Small Wars Journal

How the United States Will Lose the Next War

Fri, 10/23/2020 - 12:00pm

How the United States Will Lose the Next War

 “Great civilizations are not murdered. Instead, they take their own lives.”

Arnold Toynbee

By Andrew Straley

The next war will most likely take place in the information ‘cognitive’ battle-space, where the U.S. military is ill designed and ill equipped to fight.  This future war will take place in ways and places far beyond the conventional Western concepts of war.  The traditional ‘Western-way-of-war’ where society believes the nation is either ‘at-war’ or ‘at-peace, is a relic of the past.  U.S. national policy leaders are slow to recognize the international system has changed, making the United States more vulnerable to evolving forms of hybrid warfare, asymmetric warfare and unrestricted warfare.  These approaches are not novel, but new technologies and methods within these strategies are designed to remain below the level-of-armed-conflict yet achieve wartime objectives.  Using these new methods and targeting the U.S. Center-of-Gravity, which is the will of the American people, may enable a less militarily capable adversary to force U.S. leaders to the negotiation table.  This is difficult for our collective conscience to grasp, but so were the 9-11 attacks, before they happened.

Disinformation and malign influence campaigns are nothing new between nation states.  Political groups have been trying to influence the internal politics and decisions of other countries before the ink was dry on Europe’s Westphalia Peace Agreement of 1648.  That agreement established what we know today as nation-state borders, international relations and the international norm of non-interference in the domestic affairs of sovereign countries.  Advance technologies, however, offer something very new and very dangerous.  Adversaries can now use ‘convergence’ which combine these malign influence campaigns with new, powerful and ever evolving information and social media technologies.  New and low-cost technologies make the breadth and depth of their effects significant, posing existential danger to the targeted state.  Because Western democracies promote open societies, high-tolerance for free speech, ideas, media and the internet; they are particularly susceptible to information warfare through this dangerous marriage of new technologies and malign information warfare campaigns.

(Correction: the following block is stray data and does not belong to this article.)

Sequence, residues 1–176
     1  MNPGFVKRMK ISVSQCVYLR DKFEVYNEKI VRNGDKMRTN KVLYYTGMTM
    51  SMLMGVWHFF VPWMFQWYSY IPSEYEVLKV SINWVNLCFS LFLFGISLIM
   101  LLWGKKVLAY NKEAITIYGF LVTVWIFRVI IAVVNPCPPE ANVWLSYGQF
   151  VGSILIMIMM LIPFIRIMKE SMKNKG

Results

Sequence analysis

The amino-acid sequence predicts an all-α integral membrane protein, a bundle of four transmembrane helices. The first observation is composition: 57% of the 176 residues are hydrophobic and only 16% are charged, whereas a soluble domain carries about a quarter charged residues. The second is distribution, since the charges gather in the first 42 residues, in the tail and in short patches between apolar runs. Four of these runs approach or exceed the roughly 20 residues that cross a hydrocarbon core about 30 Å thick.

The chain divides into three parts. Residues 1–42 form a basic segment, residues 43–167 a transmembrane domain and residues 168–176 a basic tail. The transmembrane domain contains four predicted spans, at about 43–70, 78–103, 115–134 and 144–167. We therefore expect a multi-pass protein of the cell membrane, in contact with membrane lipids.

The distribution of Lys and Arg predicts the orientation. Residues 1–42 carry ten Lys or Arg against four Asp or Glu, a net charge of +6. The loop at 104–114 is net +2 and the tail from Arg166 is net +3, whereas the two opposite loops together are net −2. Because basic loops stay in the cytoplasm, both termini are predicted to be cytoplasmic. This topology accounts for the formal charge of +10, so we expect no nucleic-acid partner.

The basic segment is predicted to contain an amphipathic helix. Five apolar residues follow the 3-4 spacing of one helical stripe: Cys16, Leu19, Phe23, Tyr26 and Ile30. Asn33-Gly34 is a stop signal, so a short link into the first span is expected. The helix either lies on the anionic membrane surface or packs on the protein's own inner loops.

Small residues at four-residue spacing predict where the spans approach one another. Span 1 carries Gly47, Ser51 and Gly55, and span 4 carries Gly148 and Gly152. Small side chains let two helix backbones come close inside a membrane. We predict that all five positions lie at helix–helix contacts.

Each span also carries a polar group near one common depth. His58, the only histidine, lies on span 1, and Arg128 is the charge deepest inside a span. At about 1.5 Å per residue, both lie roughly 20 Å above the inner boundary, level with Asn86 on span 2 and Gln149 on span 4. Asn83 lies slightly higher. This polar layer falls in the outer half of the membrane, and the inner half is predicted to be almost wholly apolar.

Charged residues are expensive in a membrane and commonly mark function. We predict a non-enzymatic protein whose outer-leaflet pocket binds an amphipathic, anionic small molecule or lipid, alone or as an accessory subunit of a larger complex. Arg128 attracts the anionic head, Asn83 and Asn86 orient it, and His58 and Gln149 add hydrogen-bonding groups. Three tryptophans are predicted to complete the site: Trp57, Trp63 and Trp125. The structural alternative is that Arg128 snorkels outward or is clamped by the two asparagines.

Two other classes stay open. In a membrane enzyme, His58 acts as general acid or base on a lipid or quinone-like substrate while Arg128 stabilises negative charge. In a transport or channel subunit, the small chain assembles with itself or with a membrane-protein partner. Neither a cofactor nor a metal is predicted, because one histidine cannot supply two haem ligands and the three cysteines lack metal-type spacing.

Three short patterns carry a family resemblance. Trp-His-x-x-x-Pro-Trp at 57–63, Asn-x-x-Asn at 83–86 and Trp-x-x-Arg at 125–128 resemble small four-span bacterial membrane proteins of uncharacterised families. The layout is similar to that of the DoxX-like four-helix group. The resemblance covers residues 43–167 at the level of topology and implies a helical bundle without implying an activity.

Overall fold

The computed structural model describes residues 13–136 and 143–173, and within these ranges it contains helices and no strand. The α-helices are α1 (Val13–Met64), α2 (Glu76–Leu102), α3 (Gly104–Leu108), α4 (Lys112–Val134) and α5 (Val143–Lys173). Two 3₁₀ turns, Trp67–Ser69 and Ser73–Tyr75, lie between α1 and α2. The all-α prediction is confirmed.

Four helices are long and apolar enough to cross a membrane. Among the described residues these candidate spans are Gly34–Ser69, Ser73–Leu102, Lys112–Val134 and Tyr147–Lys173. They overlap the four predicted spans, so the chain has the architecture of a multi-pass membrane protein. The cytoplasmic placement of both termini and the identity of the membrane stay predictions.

The political process in open democracies is messy, loud and divisive by nature.  This is by design; this governance framework makes democracies resilient by being both flexible and stable.  The ‘messiness’ of democracies ensures all political groups are guaranteed a voice within the political process.  There is a downside however: vulnerability to exploitation of pre-existing, deep-rooted demographic fissures based on economics, societal class, history, ethnicity, political ideology, etc.  As traditional media companies lose their influence, more citizens receive their news and information from social media platforms that only reinforce confirmation-bias.  Internal political groups become more isolated within their own social media echo-chambers.  Adversaries exploit these divisions using campaigns designed to target societal vulnerabilities, sow discord, inflame the political divide, undermine confidence in public institutions, and increase tears in the social fabric.